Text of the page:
• [Roadmaster Logo]
  • [Northwood Logo]
  • [RVibrake]
  • [Pleasure Way Logo
  • [Leisure Travel Vans Logo]
  • [Progressive Insurance Logo]
  • [RVT.com Logo]
  • [Lance Camper Logo]
  • [Safe T-Plus Logo]
  • [Coach House Logo]
  • [EEZ RV Products Logo]
  • [Geico Logo]
  • [Heartland RV Logo]
  • [Hensley/McKesh Mirror Logo]
  • [Highland Ridge RV Logo]
  • [Roadtrek Logo]
  • [Newmar Logo]
  • [Hymer Logo]
  • [Thor Motor Coach Logo]
  • [Truma Corp Logo]
  • [Suntrust Logo]
  • [KZ Logo]
  • [ADCO Logo]
  • [Spartan Power Logo]
  • [Winegard Logo]
  • [Icon Direct Logo]
  • [Lippert Components Logo]
  • [AP Products Logo]
  • [Oliver Travel Trailers Logo]
  • [CalMark Logo]
  • [Torklift Logo]
  • [Camco Logo]
  • [Phoenix USA Logo]
  • [Equal-i-zer Logo]
  • [Starcraft RV Logo]
  • [Blue Ox Logo]

Truck Camper

A slide-in camper is made to be toted by a pickup, and there’s a wide range of equipment levels available. The economy models can be very low-priced because you’re not buying a motorized chassis or even a trailer-type chassis. Some campers are little more than four walls to keep the weather off your head, a bed, a wardrobe and some cabinets. At the other end of the spectrum, high-end units contain most of the comfort features and amenities found on any well-equipped RV on the road today. Many campers now also include one or more slideout rooms to further expand the interior space.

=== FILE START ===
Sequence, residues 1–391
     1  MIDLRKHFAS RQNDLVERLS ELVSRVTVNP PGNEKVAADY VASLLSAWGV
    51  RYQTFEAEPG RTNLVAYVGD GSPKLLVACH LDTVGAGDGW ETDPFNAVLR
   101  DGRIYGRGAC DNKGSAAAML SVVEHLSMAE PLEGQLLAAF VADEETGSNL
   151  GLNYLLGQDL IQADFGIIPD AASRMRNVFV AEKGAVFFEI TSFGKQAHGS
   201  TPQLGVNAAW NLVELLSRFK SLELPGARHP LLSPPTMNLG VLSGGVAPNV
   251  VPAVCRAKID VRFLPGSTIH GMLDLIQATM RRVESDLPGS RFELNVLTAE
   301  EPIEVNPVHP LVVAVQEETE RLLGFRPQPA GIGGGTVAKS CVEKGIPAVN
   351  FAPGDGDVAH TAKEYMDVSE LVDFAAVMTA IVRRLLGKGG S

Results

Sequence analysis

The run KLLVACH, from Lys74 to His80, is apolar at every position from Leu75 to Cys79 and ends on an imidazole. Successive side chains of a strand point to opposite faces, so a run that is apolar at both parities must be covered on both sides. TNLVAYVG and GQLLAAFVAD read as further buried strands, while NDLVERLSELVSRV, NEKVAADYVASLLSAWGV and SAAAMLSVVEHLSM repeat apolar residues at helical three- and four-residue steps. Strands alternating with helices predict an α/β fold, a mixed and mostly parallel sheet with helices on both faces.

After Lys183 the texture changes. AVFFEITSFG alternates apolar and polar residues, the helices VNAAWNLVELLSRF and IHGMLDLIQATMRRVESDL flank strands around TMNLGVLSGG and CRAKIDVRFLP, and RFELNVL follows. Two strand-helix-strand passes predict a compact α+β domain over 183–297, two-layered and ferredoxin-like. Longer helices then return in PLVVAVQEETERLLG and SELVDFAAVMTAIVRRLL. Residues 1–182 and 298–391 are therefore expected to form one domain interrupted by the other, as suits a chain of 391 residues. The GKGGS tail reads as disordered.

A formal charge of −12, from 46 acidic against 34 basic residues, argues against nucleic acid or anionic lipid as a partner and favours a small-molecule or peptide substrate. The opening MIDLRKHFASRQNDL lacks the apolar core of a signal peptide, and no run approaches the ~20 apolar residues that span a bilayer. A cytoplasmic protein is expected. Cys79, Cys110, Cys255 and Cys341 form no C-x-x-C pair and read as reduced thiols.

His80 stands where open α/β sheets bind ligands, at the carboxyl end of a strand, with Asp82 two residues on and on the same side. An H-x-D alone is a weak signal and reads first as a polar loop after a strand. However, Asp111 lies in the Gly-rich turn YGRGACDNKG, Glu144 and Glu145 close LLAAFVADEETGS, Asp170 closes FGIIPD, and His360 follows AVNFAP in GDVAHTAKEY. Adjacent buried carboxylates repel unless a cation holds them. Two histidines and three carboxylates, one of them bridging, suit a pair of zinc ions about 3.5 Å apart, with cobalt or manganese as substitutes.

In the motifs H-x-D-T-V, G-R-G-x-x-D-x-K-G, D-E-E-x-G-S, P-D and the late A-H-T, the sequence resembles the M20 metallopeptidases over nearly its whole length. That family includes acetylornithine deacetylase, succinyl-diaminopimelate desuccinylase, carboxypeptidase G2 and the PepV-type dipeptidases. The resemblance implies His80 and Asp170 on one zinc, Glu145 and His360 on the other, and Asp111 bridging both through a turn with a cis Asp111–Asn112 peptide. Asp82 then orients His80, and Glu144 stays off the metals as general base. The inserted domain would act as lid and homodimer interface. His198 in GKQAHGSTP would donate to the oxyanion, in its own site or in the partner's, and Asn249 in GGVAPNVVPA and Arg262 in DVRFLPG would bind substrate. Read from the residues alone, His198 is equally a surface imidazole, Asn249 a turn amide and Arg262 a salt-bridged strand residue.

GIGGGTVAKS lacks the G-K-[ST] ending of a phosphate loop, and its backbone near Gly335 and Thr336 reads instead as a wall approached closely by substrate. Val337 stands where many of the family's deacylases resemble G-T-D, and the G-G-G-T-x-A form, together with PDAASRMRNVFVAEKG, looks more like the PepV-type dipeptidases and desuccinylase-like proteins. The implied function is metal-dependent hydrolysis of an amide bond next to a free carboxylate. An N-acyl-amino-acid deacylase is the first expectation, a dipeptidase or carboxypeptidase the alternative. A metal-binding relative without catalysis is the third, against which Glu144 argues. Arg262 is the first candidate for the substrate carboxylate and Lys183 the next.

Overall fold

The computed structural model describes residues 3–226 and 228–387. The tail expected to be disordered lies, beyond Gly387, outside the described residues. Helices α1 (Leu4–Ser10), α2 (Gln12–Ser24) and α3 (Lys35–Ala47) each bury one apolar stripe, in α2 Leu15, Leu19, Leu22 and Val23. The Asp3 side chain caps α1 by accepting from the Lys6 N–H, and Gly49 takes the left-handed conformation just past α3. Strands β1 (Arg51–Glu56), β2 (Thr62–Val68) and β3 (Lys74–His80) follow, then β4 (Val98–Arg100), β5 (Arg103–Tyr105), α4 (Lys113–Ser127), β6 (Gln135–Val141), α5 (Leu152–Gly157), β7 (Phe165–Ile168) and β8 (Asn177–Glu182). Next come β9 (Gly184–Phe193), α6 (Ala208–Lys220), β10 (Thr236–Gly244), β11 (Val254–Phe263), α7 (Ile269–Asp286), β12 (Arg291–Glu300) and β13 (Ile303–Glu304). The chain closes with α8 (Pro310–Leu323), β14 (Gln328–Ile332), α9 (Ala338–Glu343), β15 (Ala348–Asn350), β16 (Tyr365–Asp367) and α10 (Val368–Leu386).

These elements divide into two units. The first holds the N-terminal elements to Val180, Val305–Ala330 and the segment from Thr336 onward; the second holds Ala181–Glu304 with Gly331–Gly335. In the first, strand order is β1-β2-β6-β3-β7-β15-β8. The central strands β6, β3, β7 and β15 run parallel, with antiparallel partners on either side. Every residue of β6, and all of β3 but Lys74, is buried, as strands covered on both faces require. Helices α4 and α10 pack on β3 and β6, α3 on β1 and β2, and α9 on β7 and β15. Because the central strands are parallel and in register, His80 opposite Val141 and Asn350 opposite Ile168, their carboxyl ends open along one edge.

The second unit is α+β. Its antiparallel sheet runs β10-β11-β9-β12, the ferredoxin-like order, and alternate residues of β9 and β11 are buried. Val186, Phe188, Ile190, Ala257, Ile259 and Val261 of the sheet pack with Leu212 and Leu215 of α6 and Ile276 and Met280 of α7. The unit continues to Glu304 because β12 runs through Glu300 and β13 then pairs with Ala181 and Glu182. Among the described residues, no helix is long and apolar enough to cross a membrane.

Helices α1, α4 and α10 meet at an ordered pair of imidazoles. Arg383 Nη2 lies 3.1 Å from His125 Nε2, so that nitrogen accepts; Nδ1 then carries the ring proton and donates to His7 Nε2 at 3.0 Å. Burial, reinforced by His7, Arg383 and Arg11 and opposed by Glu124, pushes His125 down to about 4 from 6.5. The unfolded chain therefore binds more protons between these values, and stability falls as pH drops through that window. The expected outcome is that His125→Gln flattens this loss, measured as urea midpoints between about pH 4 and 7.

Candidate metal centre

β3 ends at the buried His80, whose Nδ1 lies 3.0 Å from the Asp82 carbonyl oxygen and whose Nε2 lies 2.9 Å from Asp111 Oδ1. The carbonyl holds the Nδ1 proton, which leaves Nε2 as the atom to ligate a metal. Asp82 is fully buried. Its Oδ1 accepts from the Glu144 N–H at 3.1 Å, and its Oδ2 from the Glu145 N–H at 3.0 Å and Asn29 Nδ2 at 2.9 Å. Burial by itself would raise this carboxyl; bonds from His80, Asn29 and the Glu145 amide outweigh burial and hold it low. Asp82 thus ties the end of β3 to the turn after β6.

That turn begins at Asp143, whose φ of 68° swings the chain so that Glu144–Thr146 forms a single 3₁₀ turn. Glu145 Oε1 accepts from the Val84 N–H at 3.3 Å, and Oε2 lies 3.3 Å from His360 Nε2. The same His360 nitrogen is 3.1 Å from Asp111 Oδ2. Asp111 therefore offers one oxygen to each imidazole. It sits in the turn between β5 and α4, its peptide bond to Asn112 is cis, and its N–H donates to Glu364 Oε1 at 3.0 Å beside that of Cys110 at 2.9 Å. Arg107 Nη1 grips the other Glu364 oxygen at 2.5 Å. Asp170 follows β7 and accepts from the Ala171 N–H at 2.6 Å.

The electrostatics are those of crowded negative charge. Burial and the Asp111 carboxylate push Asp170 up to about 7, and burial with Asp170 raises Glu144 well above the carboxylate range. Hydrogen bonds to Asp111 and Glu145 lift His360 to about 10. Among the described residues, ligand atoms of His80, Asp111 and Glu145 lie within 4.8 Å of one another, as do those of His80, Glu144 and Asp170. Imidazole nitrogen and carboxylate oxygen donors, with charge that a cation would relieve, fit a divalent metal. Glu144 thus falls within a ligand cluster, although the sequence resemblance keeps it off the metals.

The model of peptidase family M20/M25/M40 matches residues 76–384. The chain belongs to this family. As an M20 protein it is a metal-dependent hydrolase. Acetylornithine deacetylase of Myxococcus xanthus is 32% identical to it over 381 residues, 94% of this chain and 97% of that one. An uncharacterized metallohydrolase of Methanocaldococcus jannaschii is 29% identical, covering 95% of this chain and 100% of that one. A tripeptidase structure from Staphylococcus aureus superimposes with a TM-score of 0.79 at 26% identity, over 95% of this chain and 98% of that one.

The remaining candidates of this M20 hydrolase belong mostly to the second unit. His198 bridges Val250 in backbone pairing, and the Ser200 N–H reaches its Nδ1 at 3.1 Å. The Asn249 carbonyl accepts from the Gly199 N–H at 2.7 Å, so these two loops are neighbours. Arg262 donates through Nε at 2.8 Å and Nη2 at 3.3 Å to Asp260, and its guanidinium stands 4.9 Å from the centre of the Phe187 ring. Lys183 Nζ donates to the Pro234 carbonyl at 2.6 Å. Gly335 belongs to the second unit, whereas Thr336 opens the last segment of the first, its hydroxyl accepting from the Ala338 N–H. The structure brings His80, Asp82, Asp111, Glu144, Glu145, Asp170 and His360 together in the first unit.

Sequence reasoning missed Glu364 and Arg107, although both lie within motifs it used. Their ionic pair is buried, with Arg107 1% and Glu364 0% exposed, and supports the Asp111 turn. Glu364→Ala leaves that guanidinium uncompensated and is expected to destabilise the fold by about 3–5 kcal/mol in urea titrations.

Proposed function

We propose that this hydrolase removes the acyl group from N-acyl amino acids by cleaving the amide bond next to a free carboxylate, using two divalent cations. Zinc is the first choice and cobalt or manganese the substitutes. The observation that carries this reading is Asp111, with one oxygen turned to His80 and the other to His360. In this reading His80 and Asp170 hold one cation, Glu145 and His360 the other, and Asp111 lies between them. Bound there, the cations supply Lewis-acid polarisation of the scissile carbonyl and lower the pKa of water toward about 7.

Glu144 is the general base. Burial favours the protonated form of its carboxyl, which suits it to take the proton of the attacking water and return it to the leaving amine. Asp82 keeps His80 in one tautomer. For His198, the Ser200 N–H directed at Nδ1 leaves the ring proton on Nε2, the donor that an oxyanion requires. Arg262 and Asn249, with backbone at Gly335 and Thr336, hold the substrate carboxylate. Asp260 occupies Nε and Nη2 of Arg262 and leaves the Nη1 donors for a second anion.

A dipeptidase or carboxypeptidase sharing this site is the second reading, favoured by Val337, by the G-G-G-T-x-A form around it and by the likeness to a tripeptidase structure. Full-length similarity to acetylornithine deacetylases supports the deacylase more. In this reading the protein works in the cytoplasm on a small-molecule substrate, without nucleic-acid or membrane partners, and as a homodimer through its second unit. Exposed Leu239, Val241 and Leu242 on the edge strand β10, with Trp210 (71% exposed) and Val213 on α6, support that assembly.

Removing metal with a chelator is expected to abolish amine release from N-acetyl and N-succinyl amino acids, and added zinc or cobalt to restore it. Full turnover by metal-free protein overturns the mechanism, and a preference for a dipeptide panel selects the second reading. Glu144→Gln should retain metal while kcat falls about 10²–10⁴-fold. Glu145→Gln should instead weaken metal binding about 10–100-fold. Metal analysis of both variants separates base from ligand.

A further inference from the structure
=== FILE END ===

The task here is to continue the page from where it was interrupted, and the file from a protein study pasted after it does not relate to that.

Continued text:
Campers are available in fixed hardwall and fold-down hardwall or partial soft-wall versions. The hardwall models offer better insulation, security and some interior feature benefits, but they’re typically heavier and have a fairly high center of gravity. A fold-down camper offers less wind resistance while traveling, is typically lighter and has a low center of gravity for improved handling on the road. A fabric-wall model also has less insulation capability due to the fabric-wall segments. The full-hardwall clamshell-type fold-downs are less common, but an interesting blend of the good points of each camper type.

A camper is easy to haul and maneuver, and it leaves the pickup free to haul a boat, horse trailer or other recreational toys, gvwr permitting. Plus, the camper can be dropped at the campsite to free the pickup for local driving. Its main drawback is size, as it’s generally restricted to the bed dimensions of the pickup.

Weight is also a point that’s very important. The pickup must be rated to handle the weight of the camper and its contents to avoid an overloaded situation, and it’s especially critical in today’s larger, well-equipped models.